Estate agent fees – how much should you pay?
Selling your home on the open market is no easy feat – but it can also be an expensive one. If you’re looking into selling your home with a traditional estate agent, it’s a good idea to get to grips with estate agent fees before you find a large sum taken from your completion monies.
What are estate agent fees?
Estate agent fees are essentially the cost of having an estate agent handle the sale of your home. What they cover completely depends on the estate agent, as each company will have their own service levels, but you’ll usually be paying for services such as:
- Marketing – Perhaps the most crucial part of selling your home on the open market, you’ll pay an estate agent to get your house in front of the right potential buyers. They’ll handle advertising in local press, online and on other relevant platforms.
- Signs – Estate agents will usually come to fit “for sale” and “sold” signs.
- Negotiations – Estate agents will usually deal with the negotiations back and forth between yourself and potential buyers.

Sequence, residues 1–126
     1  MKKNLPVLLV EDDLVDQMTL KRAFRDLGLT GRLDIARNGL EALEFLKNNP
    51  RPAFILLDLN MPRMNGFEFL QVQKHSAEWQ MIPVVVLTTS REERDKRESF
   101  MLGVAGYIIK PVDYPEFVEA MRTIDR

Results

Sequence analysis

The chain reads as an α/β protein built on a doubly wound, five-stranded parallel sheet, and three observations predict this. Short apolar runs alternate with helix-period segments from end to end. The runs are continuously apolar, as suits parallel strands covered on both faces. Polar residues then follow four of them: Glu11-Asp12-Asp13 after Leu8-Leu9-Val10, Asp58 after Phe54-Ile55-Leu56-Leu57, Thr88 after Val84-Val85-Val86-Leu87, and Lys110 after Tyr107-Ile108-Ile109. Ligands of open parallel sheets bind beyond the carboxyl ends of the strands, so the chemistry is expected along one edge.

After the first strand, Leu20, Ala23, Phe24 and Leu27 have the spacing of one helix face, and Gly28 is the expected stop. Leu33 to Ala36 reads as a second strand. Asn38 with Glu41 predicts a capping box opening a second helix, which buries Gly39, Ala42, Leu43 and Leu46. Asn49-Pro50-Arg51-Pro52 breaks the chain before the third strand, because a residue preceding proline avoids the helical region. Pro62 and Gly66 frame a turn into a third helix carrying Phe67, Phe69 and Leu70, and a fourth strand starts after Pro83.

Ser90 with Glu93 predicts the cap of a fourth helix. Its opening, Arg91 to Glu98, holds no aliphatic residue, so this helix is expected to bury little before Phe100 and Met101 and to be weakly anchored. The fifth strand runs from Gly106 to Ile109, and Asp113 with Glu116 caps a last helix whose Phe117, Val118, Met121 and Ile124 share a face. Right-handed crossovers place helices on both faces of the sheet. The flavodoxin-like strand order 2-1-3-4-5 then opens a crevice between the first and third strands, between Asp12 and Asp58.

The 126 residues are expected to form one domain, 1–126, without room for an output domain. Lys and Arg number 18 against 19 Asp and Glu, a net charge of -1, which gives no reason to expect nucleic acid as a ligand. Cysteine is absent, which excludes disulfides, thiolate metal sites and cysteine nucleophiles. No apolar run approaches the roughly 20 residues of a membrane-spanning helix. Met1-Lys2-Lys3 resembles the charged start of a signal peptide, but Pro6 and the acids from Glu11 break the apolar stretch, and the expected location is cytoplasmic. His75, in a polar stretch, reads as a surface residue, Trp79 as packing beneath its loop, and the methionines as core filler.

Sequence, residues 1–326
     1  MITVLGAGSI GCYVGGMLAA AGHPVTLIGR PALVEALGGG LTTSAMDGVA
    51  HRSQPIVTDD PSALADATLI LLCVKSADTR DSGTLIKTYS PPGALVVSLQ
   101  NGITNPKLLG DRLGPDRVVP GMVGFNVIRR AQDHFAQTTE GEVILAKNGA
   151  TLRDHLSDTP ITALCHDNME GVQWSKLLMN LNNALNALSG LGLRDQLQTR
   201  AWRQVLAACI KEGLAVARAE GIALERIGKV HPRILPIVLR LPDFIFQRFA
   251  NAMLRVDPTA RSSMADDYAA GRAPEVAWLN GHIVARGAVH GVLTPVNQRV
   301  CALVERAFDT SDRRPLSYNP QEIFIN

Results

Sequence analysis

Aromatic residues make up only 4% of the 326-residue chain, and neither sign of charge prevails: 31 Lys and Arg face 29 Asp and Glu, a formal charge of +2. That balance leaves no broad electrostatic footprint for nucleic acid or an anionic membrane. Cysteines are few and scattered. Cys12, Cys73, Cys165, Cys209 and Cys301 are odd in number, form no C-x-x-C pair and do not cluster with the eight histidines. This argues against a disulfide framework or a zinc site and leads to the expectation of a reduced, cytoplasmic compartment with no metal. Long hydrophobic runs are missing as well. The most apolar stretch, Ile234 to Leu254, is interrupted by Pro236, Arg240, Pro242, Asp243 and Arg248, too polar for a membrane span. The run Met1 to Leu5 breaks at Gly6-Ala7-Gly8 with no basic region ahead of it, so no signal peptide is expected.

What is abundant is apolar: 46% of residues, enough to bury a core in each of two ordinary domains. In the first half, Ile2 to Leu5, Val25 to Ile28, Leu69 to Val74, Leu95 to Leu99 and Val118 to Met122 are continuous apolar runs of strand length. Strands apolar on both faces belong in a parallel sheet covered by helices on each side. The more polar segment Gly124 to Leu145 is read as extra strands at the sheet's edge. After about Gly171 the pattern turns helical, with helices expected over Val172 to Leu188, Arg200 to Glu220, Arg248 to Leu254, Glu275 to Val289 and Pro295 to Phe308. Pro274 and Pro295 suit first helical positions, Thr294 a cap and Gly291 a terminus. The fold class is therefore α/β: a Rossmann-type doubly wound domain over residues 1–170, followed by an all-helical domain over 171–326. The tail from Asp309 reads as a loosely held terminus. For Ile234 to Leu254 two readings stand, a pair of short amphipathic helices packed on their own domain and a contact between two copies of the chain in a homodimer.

- Solicitor communication – Usually the estate agent will liaise between both your solicitors and your buyer’s solicitors.
- House chain – Estate agents will often monitor and update you about the house chain you may be involved in.
These are the standard services you’ll find your estate agent fees cover, but estate agents may also add optional extras to your bill – so make sure you check your contract before you agree to any fees.
How much are estate agent fees?
Traditional estate agent fees sit around 1.4% of your final selling price – but this can range widely depending on which estate agent you go to, whether you choose to use multiple estate agents, or which area your home is in.
You can expect to pay around 1% to 3.5% of your final selling price with a traditional estate agent – and the price advertised can often be without including VAT, despite The Property Ombudsman ruling against this in 2016. While estate agents should advertise their prices including VAT, they often avoid this to make the fees appear smaller – always check your contract.
If you have a home of lower value, this doesn’t automatically mean cheaper estate agent fees either – most estate agents charge minimum fees, and they usually start at around £1,000. Some estate agents also charge fixed fees rather than percentage-based, but restrict the services you’ll receive depending on the amount you pay.